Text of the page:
ABUJA (Reuters) - Nigeria’s Code of Conduct Tribunal issued a warrant for the arrest of Senate President Bukola Saraki on Friday after he failed to appear before the court, the judge said.
The tribunal is a special court that tries asset declaration misdemeanours. It charged Saraki this week with falsely declaring his assets.
“Having sworn to protect the constitution, (he) ought to have shown respect to the tribunal by appearing before it today. I hereby issue a bench warrant for his arrest accordingly. This should be effected by the inspector-general of police,” judge Danladi Umar said.
A police spokesman did not immediately comment.
The Senate president is the third most powerful post in the country. Saraki secured the position in June after a no-contest vote, mainly with the backing of the opposition.
The move outraged some members of the ruling All Progressives Congress (APC) who were backing other candidates and were meeting outside of the National Assembly when the decision was made.
The tribunal outlined 13 charges mostly related to the ownership of land held by his company Carlisle Properties Ltd between 2003 and 2011.
Other charges relate to his transfer of $3.4 million to an account outside Nigeria while he was governor of Kwara state, and sending 1.5 million pounds sterling to a European account to cover a mortgage for a London property.
Saraki’s media team has called the allegations “false, incorrect and untrue” and said they had been brought under outside influence. It said the senator did not have a foreign bank account while he was governor.
On Friday, his spokesman said Saraki had sought recourse at the Federal High Court after “the manner in which the case was filed showed that he will not be given justice”.
The high court ordered the sitting to be set for Monday.
“The implication of this ruling by a court of competent jurisdiction is that the sitting today has been overtaken by event,” a statement from his spokesman said.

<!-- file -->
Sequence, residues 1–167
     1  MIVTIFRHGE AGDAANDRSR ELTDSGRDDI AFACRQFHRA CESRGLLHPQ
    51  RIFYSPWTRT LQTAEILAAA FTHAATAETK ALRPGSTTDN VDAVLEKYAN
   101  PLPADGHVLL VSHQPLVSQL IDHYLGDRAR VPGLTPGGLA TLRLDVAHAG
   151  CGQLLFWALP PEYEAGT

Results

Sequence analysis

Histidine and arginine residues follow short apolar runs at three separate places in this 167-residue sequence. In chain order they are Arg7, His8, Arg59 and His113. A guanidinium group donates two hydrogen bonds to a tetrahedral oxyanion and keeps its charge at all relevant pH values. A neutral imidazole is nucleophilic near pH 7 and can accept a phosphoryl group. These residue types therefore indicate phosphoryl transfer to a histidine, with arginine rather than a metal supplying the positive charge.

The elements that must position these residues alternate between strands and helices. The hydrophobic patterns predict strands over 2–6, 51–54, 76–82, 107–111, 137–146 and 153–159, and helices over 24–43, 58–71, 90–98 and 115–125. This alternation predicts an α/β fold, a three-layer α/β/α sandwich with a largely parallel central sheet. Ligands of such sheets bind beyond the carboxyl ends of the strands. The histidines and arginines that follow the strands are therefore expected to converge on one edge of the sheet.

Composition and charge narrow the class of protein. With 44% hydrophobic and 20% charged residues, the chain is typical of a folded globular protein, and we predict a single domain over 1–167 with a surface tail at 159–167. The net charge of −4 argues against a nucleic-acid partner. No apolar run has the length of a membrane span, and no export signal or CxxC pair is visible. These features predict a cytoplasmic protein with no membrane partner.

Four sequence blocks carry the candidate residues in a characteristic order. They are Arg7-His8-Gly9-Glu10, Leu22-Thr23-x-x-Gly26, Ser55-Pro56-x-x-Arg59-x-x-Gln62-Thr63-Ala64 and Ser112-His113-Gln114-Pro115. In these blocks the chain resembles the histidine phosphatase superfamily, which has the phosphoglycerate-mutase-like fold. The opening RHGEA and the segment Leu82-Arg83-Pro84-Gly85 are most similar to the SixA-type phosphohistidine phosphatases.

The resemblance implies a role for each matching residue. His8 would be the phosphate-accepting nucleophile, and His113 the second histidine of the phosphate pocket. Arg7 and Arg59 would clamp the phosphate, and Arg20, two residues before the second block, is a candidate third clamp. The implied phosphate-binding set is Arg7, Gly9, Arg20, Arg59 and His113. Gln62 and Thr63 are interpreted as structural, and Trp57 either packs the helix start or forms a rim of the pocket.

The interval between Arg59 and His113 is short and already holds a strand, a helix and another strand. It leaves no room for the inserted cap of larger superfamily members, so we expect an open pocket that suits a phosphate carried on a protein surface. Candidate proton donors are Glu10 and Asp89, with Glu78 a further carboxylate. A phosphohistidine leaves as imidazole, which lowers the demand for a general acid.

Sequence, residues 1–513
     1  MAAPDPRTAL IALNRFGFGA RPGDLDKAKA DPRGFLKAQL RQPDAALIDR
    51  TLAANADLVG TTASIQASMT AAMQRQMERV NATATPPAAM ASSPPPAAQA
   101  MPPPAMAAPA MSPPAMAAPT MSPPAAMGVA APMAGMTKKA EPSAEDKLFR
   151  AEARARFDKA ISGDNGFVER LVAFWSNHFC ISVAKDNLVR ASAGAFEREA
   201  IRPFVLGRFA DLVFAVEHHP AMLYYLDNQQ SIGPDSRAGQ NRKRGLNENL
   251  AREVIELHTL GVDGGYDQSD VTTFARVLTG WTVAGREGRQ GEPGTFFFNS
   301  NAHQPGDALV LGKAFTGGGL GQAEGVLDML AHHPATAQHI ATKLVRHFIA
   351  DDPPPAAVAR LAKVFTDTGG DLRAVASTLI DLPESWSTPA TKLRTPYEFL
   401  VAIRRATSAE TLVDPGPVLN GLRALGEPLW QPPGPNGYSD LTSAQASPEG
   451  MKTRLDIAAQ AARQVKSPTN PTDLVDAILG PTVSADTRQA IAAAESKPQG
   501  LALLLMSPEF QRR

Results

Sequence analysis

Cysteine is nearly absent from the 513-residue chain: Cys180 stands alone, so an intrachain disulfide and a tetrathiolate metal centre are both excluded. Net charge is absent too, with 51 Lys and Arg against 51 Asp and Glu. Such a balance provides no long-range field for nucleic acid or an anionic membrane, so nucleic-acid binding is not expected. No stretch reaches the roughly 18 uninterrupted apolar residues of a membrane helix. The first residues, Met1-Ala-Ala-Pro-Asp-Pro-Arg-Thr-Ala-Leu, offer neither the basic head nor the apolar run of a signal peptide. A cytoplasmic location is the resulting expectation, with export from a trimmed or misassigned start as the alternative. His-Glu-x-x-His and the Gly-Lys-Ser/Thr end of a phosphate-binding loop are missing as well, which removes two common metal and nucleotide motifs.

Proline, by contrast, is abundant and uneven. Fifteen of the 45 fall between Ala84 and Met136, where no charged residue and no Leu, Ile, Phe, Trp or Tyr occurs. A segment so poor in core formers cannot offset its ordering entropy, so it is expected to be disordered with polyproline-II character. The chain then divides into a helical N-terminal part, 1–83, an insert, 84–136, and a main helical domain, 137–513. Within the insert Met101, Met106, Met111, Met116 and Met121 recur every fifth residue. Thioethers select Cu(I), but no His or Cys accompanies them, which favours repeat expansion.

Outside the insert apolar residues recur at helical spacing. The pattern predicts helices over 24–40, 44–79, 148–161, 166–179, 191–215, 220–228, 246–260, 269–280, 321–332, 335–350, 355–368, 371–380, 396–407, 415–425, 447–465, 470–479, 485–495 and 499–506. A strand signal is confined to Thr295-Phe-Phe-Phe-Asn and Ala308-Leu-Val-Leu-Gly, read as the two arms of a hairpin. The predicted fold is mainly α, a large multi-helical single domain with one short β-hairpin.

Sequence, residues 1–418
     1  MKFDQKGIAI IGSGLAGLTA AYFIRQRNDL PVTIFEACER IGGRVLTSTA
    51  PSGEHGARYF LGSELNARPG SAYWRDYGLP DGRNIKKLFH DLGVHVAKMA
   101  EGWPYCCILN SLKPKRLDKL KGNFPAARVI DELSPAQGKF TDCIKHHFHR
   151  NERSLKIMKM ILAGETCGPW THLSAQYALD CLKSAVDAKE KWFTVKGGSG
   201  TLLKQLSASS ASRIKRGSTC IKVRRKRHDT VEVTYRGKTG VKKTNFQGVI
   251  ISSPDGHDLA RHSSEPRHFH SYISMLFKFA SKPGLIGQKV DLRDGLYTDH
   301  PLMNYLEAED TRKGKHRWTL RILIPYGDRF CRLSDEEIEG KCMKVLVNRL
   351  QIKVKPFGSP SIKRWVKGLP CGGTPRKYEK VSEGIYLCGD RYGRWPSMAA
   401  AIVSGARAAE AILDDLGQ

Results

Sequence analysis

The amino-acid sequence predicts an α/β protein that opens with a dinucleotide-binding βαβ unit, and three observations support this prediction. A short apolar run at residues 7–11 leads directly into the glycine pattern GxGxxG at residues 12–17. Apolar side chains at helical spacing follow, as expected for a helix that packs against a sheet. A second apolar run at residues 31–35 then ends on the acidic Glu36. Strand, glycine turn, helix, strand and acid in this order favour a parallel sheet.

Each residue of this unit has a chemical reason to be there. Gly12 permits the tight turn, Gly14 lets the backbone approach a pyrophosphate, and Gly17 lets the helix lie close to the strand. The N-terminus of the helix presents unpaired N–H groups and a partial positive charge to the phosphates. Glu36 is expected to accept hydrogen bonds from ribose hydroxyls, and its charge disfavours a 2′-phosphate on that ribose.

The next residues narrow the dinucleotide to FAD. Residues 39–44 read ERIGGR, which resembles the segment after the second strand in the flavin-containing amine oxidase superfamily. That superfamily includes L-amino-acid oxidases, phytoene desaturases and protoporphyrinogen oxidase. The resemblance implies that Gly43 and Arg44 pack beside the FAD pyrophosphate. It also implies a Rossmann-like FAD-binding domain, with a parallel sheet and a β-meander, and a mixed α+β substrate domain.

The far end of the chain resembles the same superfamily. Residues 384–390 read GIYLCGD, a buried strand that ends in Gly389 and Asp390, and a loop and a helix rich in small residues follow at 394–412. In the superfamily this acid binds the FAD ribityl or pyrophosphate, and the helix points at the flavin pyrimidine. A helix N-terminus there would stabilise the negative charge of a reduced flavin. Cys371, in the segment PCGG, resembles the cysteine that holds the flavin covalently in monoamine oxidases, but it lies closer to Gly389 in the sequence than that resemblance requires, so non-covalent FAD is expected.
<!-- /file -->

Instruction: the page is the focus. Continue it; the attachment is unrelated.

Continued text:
The Economic and Financial Crimes Commission (EFCC) has also been looking into those close to the Senate president. His wife was called in for questioning in July and on Thursday, the EFCC declared the current managing director of Saraki’s Carlisle Properties, Kennedy Izuagbe, a wanted man.
Izuagbe, who was a former director of Societe Generale Bank Nigeria, is being investigated for conspiracy and money laundering amounting to more than 3.6 billion naira ($180 million).
Societe Generale Bank Nigeria was investigated multiple times for misconduct under the direction of Saraki’s father and its license was temporarily withdrawn in 2006 by the central bank.
Saraki himself was a director at the bank during the 1990s, and the family held a large number of its shares.
President Muhammadu Buhari won his seat on a mandate to clean up corruption. Since his inauguration at the end of May, there have been countless revelations and many investigations have been launched.
Political analysts in Nigeria have said that those heading various government bodies have made a show of cracking down on graft over the last few months, partly in an attempt to curry favour with Buhari and keep their jobs.
A source at the EFCC said cases had been piling up for years, but there was still a lack of political will to prosecute.
A spokesman for Buhari said: “This matter is purely a judicial matter and Mr. President has made it clear that he will not intervene in judicial matters.”
Buhari said he would announce his long-awaited cabinet this month, nearly four months after taking power. His appointees must be approved by the Senate, which reconvenes on Sept. 29.
Additional reporting by Felix Onuah, Additional reporting and writing by Julia Payne; Editing by Kevin Liffey/Ruth Pitchford